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Old photo of a couple’s snowshoeing adventure. Courtesy of Beaver Brook Nature Center.




Snowshoe for two

Stay outside after dusk with these Valentine’s Day events.
 
Fullmoon Valentine Couples Candlelit Snowshoe Hike
Where: Beaver Brook Nature Center, 117 Ridge Road, Hollis
When: Saturday, Feb. 14, from 7 to 9 p.m.
Cost: $40 per couple, $35 for members
Visit: Beaverbrook.org or call 465-7787
Enjoy a peaceful hike or snowshoe along a candlelit trail that finishes at a bonfire with hot mulled wine and mulled cider.
 
• Candlelight Snowshoeing
Where: America’s Stonehenge, 105 Haverhill Road, Salem
When: Saturday, Feb. 14, from 6:30 to 9 p.m.
Cost: $12.50, $18 with rentals
Visit: stonehengeusa.com or call 893-8300
Walk the woods under a blanket of stars before warming up in a log cabin with hot chocolate and cookies.
 
• Valentine’s Day Candle Lit XC Ski or Snowshoe Tour
Where: Gunstock Mountain Resort, 719 Cherry Valley Road, Gilford
When: Saturday, Feb. 14, from 6:30 to 8 p.m.
Cost: $20 per person
Visit: gunstock.com/events, 293-4341
Discover the trails with only candles to guide you. Venture out on skis or snowshoes and finish at a woodland cabin for a fire and s’mores.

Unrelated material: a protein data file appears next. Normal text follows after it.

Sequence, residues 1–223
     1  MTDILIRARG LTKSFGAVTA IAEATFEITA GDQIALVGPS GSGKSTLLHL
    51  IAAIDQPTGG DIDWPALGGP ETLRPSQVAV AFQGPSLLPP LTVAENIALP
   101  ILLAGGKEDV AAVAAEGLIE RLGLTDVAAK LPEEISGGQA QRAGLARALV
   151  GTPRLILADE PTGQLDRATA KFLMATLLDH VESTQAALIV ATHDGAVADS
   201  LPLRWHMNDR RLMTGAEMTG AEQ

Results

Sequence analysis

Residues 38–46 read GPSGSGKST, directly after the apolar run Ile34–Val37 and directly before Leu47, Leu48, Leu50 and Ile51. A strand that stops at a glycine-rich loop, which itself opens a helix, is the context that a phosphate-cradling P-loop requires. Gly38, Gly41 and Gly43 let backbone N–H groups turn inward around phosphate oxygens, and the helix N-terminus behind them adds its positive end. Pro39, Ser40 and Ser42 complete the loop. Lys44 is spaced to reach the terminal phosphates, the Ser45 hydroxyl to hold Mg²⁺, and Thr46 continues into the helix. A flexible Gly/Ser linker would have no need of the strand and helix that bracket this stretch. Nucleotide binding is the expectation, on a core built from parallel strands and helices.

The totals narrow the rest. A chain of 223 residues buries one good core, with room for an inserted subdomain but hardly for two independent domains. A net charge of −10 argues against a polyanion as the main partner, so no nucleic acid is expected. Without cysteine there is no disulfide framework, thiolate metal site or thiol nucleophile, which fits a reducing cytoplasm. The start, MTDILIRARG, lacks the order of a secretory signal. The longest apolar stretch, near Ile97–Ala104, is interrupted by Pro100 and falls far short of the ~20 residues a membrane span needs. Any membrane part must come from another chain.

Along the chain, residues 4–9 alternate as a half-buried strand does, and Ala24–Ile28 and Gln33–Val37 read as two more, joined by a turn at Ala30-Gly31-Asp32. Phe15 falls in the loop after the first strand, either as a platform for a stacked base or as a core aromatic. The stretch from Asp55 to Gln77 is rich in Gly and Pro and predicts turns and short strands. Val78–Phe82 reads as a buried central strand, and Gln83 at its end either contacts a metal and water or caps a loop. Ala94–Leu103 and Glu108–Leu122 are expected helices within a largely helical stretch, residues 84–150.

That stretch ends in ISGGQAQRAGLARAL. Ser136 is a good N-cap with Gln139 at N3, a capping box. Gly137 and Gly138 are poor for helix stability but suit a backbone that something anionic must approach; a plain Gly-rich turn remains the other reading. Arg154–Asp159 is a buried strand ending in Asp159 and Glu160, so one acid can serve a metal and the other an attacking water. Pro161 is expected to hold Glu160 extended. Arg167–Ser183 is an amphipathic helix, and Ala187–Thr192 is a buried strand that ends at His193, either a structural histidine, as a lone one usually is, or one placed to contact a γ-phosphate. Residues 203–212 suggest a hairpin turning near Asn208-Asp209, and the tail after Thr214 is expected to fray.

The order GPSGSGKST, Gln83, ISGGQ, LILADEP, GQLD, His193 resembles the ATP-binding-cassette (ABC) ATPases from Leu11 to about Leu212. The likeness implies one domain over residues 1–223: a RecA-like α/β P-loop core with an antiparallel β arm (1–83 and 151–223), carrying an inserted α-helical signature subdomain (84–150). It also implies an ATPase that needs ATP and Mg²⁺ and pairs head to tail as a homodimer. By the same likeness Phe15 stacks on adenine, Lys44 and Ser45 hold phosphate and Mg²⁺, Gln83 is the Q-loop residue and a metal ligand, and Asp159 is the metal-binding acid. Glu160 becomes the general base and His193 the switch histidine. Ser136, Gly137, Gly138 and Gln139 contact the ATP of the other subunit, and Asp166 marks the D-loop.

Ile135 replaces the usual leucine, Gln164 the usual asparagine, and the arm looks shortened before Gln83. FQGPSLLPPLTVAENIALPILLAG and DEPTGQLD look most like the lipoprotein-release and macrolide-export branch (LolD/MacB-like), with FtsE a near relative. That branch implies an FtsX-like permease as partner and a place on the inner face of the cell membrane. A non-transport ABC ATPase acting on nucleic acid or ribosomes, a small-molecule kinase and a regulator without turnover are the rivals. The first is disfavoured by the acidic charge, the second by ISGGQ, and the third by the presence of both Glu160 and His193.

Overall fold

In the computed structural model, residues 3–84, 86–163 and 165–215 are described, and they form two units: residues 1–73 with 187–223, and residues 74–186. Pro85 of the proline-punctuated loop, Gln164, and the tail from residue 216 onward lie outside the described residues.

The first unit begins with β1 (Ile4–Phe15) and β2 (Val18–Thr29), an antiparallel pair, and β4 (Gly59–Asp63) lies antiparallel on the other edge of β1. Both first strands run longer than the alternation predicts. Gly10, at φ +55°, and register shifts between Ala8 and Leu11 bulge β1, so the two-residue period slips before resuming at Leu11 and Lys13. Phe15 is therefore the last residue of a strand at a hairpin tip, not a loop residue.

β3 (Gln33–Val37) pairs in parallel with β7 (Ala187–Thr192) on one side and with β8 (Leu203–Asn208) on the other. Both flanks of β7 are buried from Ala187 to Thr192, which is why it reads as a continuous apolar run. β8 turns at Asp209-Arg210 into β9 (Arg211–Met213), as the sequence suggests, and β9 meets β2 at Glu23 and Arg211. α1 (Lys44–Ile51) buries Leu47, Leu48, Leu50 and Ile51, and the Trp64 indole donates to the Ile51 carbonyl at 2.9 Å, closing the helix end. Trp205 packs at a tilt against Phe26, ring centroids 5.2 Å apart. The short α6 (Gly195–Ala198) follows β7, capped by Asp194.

Love on the slopes
• Gunstock Valentine’s Day Fun
Where: Gunstock Mountain Resort, 719 Cherry Valley Road, Gilford
When: Saturday, Feb. 14, from 9:30 to 4 p.m.
Visit gunstock.com/events, 293-4341
KISS 108 Winter Games features snowball throwing competitions, family zone with face painting, games, music, trivia and prizes; apres-ski party and more.
• Mount Sunapee Valentine’s Day Fun
Where: Mount Sunapee, 1398 Route 103, Newbury
When: Saturday, Feb. 14, from 9 a.m. to 4 p.m.
Visit mountsunapee.com, 763-3500
Features a “Heart Hunt” on the slopes with lots of prizes and other activities.
 
Spend the day outside
Winter-friendly trails for snowshoeing, hiking or strolling
• Mack’s Farm, Londonderry
Trailhead parking between Pillsbury and Mammoth roads. Adam’s Pond Trail: Three-mile loop goes around orchard, through wooded section and over four bridges. North Orchard Trail: Less than a mile loop among apple trees, downhill section and wetland crossing. See londonderrytrails.com.